Division of Wildlife Colorado Springs
Common Urban Wildlife Emergencies
Wild Forever receives hundreds of calls every year from people who find baby animals, assume the babies are in distress and want to rescue them. In most cases, it was determined that the mother was near by and the babies were to be left to her care. It is important to remember that a baby animal’s best chance at survival is with it’s mother.
Rehabilitators are currently seeing a flood of animals being rescued unnecessarily, which take up resources that should be directed to the animals that need it most. Some rehabilitators are operating at capacity and can not accept any more animals. We need your help in using our resources more wisely. Therefore, we have put together some general guidelines to help you determine when you should do something to help.
As you perform your spring yard work, pay particular attention for baby rabbits as they like to hide in tall grass. Check the area before starting up the lawn mower. If you find a baby rabbit and it's eyes are open, it is self feeding and can sustain itself in the wild. The best thing to do is leave it were you found it and keep pets and children away.
I found a baby bird, now what?
Nestling birds are either naked or covered with soft down and/or undeveloped feathers. Should you find a nestling on the ground, see if you can locate the nest, safely reach it and put the baby back. Be sure to wash your hands after handing the bird.
If the nest is not with in reach or if it has been destroyed, you can build a backup nest and put it as close to the original location as possible. Leave the area and watch for the mother bird to return. If the mother bird does not return within a short while call a rehabilitator.
Fledgling birds have their wing feathers, but stubby tail feathers and a few tufts of down. During the first few days after they leave the nest, they are unable to fly and will hop around on the ground fluttering their wings building strength for flight. The parent birds will leave the baby alone for short periods of time but are near by.
It is not recommend that you try to rehabilitate baby animals yourself because . Rehabilitators have specific training in the care and feeding of each species of birds and mammal, disease management and are licensed by State and Federal agencies.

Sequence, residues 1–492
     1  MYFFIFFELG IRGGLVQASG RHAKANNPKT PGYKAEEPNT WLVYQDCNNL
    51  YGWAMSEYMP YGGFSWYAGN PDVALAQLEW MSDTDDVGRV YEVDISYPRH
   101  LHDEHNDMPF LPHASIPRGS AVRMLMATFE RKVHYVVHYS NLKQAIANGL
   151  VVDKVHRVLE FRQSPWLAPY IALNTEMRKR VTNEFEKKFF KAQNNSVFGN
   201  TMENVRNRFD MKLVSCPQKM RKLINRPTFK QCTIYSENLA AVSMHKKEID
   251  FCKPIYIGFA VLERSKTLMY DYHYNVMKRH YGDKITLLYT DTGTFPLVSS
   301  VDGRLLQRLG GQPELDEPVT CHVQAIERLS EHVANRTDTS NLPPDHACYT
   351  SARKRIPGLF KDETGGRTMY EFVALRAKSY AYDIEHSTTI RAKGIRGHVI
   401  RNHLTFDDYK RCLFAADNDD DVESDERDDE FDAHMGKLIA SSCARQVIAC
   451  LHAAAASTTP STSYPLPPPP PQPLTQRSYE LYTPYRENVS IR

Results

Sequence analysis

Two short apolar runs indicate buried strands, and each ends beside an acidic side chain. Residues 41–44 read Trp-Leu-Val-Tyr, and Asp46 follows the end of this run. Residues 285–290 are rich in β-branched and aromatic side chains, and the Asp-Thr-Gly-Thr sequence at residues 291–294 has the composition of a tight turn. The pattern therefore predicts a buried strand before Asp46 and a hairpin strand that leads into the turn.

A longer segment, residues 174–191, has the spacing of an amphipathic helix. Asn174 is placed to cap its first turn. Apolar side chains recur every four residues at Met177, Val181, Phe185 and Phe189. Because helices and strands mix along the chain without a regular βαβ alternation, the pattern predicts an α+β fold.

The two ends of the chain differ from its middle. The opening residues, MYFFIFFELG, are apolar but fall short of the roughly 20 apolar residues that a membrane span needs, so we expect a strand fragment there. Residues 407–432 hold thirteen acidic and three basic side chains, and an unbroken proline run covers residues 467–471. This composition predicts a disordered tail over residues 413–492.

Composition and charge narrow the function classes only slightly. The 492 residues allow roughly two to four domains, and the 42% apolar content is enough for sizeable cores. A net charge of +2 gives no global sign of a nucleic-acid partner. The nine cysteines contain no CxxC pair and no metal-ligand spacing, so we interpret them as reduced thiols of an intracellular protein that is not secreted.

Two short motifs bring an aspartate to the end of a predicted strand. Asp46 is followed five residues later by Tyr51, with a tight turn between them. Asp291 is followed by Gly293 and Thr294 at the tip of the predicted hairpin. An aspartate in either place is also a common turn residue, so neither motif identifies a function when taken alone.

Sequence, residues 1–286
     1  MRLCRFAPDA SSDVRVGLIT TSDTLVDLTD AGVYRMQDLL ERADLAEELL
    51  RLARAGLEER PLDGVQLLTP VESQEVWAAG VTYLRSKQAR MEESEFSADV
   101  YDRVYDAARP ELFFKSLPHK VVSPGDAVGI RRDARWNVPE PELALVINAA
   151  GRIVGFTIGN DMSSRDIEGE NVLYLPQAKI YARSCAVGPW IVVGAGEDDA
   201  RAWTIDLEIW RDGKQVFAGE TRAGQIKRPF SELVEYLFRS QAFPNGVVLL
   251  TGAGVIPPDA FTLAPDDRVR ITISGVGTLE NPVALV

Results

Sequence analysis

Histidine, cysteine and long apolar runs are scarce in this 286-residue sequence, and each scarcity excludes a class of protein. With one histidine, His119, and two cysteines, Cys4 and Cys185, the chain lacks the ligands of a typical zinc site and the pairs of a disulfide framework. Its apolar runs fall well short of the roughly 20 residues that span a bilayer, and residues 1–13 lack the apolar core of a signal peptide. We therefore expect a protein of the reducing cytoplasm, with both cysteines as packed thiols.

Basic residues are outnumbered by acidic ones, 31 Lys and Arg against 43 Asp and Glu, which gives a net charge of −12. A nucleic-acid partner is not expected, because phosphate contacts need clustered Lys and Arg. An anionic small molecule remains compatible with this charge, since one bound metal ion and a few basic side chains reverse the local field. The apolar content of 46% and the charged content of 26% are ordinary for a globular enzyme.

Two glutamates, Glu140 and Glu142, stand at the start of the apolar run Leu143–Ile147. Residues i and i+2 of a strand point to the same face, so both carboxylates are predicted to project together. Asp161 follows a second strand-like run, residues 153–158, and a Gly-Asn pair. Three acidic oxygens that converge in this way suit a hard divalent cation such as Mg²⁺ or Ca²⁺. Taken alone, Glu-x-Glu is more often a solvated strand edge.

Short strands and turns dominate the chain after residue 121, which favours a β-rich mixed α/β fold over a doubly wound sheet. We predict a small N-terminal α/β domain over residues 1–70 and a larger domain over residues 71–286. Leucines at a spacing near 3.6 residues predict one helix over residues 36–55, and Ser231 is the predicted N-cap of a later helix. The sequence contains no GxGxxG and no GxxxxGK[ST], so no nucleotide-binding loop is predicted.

What Constitutes an Emergency?
An animal requires immediate help if:
- It is bleeding profusely.
- It is unconscious or convulsing.
- It is helpless and in danger of being attacked by another animal, or has been attacked by a cat.
- It has a broken leg or wing.
- It has collapsed, or is staggering, or weak.
- It has been burned.
- It is entangled in fishing line, string, net, debris, etc. or its bill or muzzle is caught in a jar, container, plastic rings from canned beverages, etc.
- It has a fish hook in its mouth or body.
- It is stuck to a glue trap, fly paper or other sticky surface.
- It has ingested oil, antifreeze or other chemicals.
- It is covered with in oil, tar, etc.
- Its eyes are crusted shut, or it appears to be blind.
- It has been shot.
- Its nest has fallen to the ground.
- Its parent (in the case of animals that are raised by just one parent, such as hummingbirds or young mammals) or parents are known to be dead, injured or ill.
- It is trapped in a vehicle or building.
Large Animal EmergenciesEmergencies related to deer, elk, bear and mountain lion should be directed to the Colorado Division of Wildlife (DOW). Residents of Colorado Springs and the greater Pikes Peak region should contact the DOW’s Southeast Region Service Center: Colorado Division of Wildlife
4255 Sinton Road
Colorado Springs, CO 80907
After Hours Animal Emergencies: The Colorado State Patrol Communications Center is your point of contact for after hours (evening and weekend) emergencies. Call (719) 433-2424.
Domestic Animal EmergenciesHumane Society of the Pikes Peak Region 610 Abbott Lane Colorado Springs, CO 80905 Phone: (719) 473-1741 Fax: (719) 444-0179
You may dispose of deceased animals on private property, but be sure to use protective gear such as gloves and plastic bags. If you think a deceased animal may be diseased (e.g., rabies, hanta virus, avian flu), please call the El Paso County Health Department at (719) 578-3199.
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Is the Green Line Green? Status, Trend, and Treatment of Colorado's Riparian Areas: October 1-3, 1996, Pagosa Springs, Colorado, Proceedings of the Eighth Annual Conference
Does Wildlife Stand a Chance a Against the Gun? / The Idaho Springs Hunter Survey Caper / Enos Mills / The Red-Tailed Hawk / A Trip to North Park / Trapping in the Footsteps of Mountain Men (Colorado Outdoors, Volume 27, Number 2, March-April 1978)
Book (Colorado Division of Wildlife)
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